I didn’t fight when it happened. I never fought with him. I was too afraid to face what I already knew, that if I refused to give him something, he would take it anyway. The night he pinned me up against his wall, I froze with fear. My screams went unnoticed and my “No’s” were ignored. Something deep inside of me was broken that night. Some kind of God given trust was lost and my mind and my body were separated from one another. I was no longer in control; I could no longer protect myself.

It wasn’t just my physical boundaries that I had trouble protecting, but my emotional ones as well. As I stood in line and cheered along for the other women I couldn’t help spacing out. The moment was gone and I was no longer in Joe’s bed, hands pressed against the wall. Now, I was in my hotel room in St. Augustine, Florida, lying beside a man I had been fantasizing about for months. We were inches apart but I couldn’t have felt further away. I was turned over, crying silently to myself and listening to the low hum of his snoring. We had, had sex…semi-painful, unromantic, awkward sex. It was nothing like I had imagined it would be. For the first time in a long time, I felt like I didn’t need to be there for it. Like, I could have been anyone, it didn’t matter, the connection we once shared was lost and I was just a body for him to rest on.

“I’m about to blow your mind, Liz. Listen up…this is serious.” I wiggled around in my chair and looked over at my friend, awaiting her next words. We were sitting on the front porch of her mother’s cozy Italian Village home and the sunlight seemed to dance around our bare feet. “You wanna know why we date guys who treat us like shit and have nothing going on?” “Because boys suck?” I joked, half-heartedly. “ERRR. Wrong! It’s because we don’t think we deserve those nice guys with college educations and good jobs, the ones who will treat us like queens.” She was right. I had spent most of my adolescence convinced that there was something wrong with me. I was a victim—I was damaged; I had, had an abortion—I was controversial. Nice guys like nice girls, ones without scars or pain, the kind of girls who wear pearls and smile a lot—girls who are whole and happy—girls who weren’t like me.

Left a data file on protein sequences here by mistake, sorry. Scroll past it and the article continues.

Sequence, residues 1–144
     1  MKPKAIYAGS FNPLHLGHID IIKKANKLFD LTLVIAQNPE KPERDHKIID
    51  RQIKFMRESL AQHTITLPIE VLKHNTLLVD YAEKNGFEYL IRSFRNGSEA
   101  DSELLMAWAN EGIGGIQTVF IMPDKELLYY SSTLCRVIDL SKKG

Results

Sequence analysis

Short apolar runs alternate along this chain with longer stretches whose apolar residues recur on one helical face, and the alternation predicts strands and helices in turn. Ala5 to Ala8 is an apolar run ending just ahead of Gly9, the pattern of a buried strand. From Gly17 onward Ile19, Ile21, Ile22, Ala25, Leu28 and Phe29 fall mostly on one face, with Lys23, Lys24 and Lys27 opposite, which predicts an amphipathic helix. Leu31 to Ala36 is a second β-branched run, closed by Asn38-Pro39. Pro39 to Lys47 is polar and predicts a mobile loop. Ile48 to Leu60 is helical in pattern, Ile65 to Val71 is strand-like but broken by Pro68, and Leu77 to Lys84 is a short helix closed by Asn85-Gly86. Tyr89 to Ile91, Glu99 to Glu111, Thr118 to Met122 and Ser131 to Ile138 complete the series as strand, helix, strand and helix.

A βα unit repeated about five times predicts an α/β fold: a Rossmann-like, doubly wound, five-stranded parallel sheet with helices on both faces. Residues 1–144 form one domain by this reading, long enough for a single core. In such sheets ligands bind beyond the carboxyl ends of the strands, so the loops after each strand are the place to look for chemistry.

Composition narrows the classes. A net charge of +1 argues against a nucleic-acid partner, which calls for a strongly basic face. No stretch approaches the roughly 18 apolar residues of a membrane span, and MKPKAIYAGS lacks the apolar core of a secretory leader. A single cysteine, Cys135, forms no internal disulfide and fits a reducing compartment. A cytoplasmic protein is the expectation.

Then something shook me from my trance. It was my mentor; she had placed a bag of ice on the back of my neck. “This will help keep you present. Hold it to your chest.” With shaking hands I thanked her and took the ice focusing my attention back onto the mat. One by one I watched the women step out onto the mat and fight their battles. Some were fighting old lovers, nameless attackers, and others were fighting family members. I watched as they screamed from their bellies and kicked and punched as if their life depended on it—because for many of us, it did. I stood in awe as I watched quiet, reserved women rise with ferocity and anger like phoenixes, hungry for redemption. I saw women who had never gotten their chance to scream and fight retrieve their dignity from the ones who stole it and revisit dark places they had spent years trying to hide away. The energy in the room grew thick with power and I fed from it. I gathered strength from their strength and their cheering kept me awake and ready.

I was my turn again, and this time I was going give it everything I had. Before I had a chance to catch my breath he grabbed me from behind. The line roared with support and direction. He threw me on the ground and slipped a pillowcase over my head. “This changes nothing. You don’t need your sight—you can feel him. Wait for your opening.” Julie’s voice was calm and clear. I breathed and centered myself, waiting for my chance to get out from under him. “I’m going to fuck you in the ass and throw you in the dumpster.” The words slithered out from behind his mask. My eyes widened and I got pissed. In that instant I knew exactly what I was fighting for. With one move I heaved him off of me and ripped the pillowcase from my head. I kicked and kicked without stopping, my limps flailed about and I hit every target on his body I could find. Finally, I got up—refusing to fight him on the ground—I was going to show him that I could take him where he stood. At the same moment he charged in my direction I shot my foot into his groin and he fell to floor. Julie blew her whistle and the women screamed with joy. He took off his helmet and looked up at me with a smile, “Well I know I wouldn’t mess with you if I wasn’t wearing this suit.”